Linked by Thom Holwerda on Fri 15th Jul 2011 22:47 UTC, submitted by Jennimc
Legal If you can't compete, litigate. Not entirely unsurprisingly, the US ITC has sided with a US company against a Taiwanese competitor - the US International Trade Commission judge has ruled that out of ten patents Apple brought into its suit against HTC, the Taiwanese smartphone pioneer is infringing upon two. The ruling has to be reviewed by a panel of six, but if they agree, then some HTC devices may be banned from the US market - unless HTC and Apple can come to a settlement. We also know which two patents - and yes, they're software patents, of course.
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RE[4]: "Merit"
by jack_perry on Sat 16th Jul 2011 21:28 UTC in reply to "RE[3]: "Merit""
Member since:

"Look at it this way: your argument is equivalent to saying that for years BMW couldn't compete with Volkswagen "on merit" simply because in growth, Volkswagens > BMW.

No, Thom is right. Your analogy (like most analogies) is misleading. The best selling Android devices are BMWs in their own right.

You are attacking a straw man. I am not an Apple fanboy; quite the contrary. See here, for example:

I don't doubt that Apple is worried about Android, and is using its patent portfolio in an anti-competitive way. I just don't think they're doing it because they think Android will beat them on the "merits"; I think they're doing it because of what I said originally: manufacturing capacity. Apple wants to control completely the devices that use iOS; that means they are the only manufacturer of iOS devices, whereas Google doesn't want to manufacture hardware; they're happy to license them, take the money, and run. Like the PC clones, many, many more Androids can be made than iOS devices.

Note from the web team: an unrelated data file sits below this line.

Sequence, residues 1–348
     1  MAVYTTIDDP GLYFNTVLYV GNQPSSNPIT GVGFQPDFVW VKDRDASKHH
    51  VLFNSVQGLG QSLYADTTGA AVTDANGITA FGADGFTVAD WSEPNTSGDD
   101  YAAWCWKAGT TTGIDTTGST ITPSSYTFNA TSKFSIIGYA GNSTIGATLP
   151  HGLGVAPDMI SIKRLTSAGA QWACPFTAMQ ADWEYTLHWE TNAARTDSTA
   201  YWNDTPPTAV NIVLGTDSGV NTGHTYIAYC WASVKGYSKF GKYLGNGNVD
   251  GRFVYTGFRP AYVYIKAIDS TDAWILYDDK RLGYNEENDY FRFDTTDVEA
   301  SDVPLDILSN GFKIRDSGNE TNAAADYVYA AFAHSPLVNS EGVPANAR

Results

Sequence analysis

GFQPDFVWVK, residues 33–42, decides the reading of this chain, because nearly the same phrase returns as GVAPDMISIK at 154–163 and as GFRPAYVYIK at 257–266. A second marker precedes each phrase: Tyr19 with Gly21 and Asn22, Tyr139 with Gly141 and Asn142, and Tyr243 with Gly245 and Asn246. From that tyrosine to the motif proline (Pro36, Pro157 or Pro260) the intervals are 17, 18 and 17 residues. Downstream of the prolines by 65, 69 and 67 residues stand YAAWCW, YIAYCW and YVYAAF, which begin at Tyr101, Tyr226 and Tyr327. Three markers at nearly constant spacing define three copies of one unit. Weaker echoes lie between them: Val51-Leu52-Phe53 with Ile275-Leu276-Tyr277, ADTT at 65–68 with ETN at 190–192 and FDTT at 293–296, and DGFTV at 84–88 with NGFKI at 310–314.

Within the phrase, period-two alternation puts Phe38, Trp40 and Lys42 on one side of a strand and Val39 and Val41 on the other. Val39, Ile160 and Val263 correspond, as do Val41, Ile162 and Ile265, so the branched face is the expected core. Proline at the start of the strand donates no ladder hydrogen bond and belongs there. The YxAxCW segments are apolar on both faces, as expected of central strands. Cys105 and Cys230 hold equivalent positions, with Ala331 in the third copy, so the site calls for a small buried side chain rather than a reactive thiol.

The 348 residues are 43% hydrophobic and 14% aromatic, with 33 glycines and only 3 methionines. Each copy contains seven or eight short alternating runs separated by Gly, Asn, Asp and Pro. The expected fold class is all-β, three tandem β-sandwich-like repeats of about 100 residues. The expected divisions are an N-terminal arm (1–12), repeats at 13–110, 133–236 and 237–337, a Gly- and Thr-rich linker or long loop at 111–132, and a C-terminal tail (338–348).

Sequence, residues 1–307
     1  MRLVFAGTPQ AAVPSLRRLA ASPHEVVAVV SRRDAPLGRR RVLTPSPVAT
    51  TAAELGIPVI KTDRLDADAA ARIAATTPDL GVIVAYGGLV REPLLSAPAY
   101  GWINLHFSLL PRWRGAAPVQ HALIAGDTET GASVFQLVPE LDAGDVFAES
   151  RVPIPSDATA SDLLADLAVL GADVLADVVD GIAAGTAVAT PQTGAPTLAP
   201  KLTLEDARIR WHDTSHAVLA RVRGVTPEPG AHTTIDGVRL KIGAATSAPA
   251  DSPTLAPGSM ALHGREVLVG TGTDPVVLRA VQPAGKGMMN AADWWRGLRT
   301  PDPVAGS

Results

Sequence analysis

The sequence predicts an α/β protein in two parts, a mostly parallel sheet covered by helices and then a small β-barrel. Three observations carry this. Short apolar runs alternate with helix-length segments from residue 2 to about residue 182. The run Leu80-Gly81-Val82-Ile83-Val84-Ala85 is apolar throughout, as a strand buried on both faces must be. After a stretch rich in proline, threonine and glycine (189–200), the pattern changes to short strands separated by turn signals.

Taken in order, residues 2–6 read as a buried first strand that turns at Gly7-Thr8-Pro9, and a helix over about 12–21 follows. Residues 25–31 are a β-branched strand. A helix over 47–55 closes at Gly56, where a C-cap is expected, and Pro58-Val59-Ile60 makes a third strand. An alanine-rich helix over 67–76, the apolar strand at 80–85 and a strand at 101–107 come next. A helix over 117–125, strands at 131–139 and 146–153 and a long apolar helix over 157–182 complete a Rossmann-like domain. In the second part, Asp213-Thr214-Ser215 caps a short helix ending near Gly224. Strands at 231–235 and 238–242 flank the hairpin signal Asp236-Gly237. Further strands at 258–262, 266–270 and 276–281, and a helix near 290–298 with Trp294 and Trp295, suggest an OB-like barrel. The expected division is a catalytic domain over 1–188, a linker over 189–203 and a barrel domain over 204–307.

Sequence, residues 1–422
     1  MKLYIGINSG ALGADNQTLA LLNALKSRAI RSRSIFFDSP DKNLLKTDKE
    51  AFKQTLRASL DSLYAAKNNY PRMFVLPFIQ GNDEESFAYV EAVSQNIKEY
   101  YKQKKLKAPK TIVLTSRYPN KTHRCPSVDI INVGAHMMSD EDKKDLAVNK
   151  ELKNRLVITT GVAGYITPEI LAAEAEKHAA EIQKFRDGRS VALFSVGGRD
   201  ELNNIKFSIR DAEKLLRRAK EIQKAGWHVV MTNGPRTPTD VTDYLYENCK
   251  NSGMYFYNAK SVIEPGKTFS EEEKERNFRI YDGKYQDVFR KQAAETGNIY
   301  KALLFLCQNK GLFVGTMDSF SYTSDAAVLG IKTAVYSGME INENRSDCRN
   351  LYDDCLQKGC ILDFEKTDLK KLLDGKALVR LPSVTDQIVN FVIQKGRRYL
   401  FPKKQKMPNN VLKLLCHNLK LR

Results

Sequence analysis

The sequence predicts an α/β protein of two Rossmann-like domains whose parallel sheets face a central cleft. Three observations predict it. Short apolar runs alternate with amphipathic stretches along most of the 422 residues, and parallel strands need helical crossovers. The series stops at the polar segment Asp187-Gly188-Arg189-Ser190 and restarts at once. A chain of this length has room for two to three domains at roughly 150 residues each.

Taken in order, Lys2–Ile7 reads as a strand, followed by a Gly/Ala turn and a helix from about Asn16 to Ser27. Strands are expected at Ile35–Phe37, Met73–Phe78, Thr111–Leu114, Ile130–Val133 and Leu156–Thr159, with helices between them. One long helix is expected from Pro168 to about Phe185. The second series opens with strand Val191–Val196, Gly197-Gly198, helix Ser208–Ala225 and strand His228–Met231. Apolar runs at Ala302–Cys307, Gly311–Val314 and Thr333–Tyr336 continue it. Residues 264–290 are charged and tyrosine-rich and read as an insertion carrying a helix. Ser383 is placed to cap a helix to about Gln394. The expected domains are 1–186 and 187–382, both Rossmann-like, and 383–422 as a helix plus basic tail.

So the intent of the analogy was not to slur Android, but purely in the means I used it: Thom's use of market growth as a measure of merit is not at all convincing. It's like arguing that "Market growth of Coke > Virgil's Microbrewed Root Beer, so Coke must be better" (or any other drink you wish to insert there).

I hope that helps. The rest of your post is likewise beating that strawman, so I won't reply.

Reply Parent Score: 2

RE[5]: "Merit"
by molnarcs on Sat 16th Jul 2011 22:36 in reply to "RE[4]: "Merit""
molnarcs Member since:

I didn't think you were an Apple fanboy, and you make some good points there. I do think, however, that Apple finds it harder and harder to differentiate itself against Android. Since the Froyo update, Android has become a viable platform for the masses (not just early adopters). In a sense, it has become more difficult to compete on merit, although I wouldn't go as far as to say that they can't do it. Still, I'd rather they spend that 50 billion they are sitting on to develop amazing new technologies instead of pushing out competition through phony software patents. There are lots of areas to improve - my personal pet peeve is battery life.

Reply Parent Score: 3